Friday 18 March 2022

Back to the Marina

Today's Canals - Worcester and Birmingham, Droitwich

The day started not as chilly as the past few days but with a thin cloud layer. we cast off and continued our way north back towards the marina.

We mentioned yesterday the streets of tightly built terraces - they seem to have been built around the end of the 19C and the first decade of the 20C.

Next along is a slightly later group of more upmarket houses, in fours named villas - the set on the left are called Crescent Villas and those on the right Welbeck Villas. Perhaps these were meant to appeal to the supervisors or foremen in the factories where the rest of the residents lived.

This bridge just below the first of the Gregory's Mill locks, looks as if it was once intended for rather more than the pedestrian traffic it carries today. Gregory's (to the right of the picture) was a Corn Mill which has long been demolished and is now a low grade industrial estate. On the left was once a Brick and Tile Works, now a housing estate. It appears from old maps that this pr3idge originally carried industrial traffic between the two sites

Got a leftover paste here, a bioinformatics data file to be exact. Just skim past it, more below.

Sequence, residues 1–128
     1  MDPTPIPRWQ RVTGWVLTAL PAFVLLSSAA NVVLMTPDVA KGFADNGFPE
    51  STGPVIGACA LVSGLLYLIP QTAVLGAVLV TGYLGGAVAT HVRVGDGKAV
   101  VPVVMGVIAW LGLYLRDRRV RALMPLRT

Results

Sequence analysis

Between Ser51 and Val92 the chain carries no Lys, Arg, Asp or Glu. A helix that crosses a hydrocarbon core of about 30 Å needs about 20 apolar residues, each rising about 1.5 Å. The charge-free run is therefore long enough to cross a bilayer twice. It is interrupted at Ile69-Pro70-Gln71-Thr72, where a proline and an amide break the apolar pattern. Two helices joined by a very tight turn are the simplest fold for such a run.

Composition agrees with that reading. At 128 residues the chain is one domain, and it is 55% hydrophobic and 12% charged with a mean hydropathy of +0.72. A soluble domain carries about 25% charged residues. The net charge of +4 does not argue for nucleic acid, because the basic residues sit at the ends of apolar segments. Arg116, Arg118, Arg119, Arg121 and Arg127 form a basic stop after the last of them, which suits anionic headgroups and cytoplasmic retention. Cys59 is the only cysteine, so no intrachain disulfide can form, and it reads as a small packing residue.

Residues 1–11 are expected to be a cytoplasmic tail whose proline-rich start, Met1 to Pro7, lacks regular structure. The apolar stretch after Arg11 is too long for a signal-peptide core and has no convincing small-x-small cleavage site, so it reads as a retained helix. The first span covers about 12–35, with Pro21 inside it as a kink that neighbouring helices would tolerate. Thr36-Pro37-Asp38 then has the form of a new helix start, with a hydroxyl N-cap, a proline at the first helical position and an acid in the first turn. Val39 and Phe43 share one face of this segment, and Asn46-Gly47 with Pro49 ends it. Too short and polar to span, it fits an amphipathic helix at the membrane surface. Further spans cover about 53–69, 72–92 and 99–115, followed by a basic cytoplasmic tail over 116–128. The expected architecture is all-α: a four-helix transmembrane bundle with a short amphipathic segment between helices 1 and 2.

By the time we came up the lock the sun had started to' burn' off the thin cloud and frequent blue patches were already shining through. The rest of the day was pleasantly warm - a real spring day, just right for cruising a canal!

We may have mentioned this next site before but just in case, dear reader, you would like a refresher: It is said to be known locally as the Cadburys site but during both the 1914-1918  and the 1939-1945 conflicts. The factory produced small arms ammunition in large quantities. Once peace time returned it reverted to cake making. However in 1974 its owners now called Cadburys Schweppes, closed and sold the site.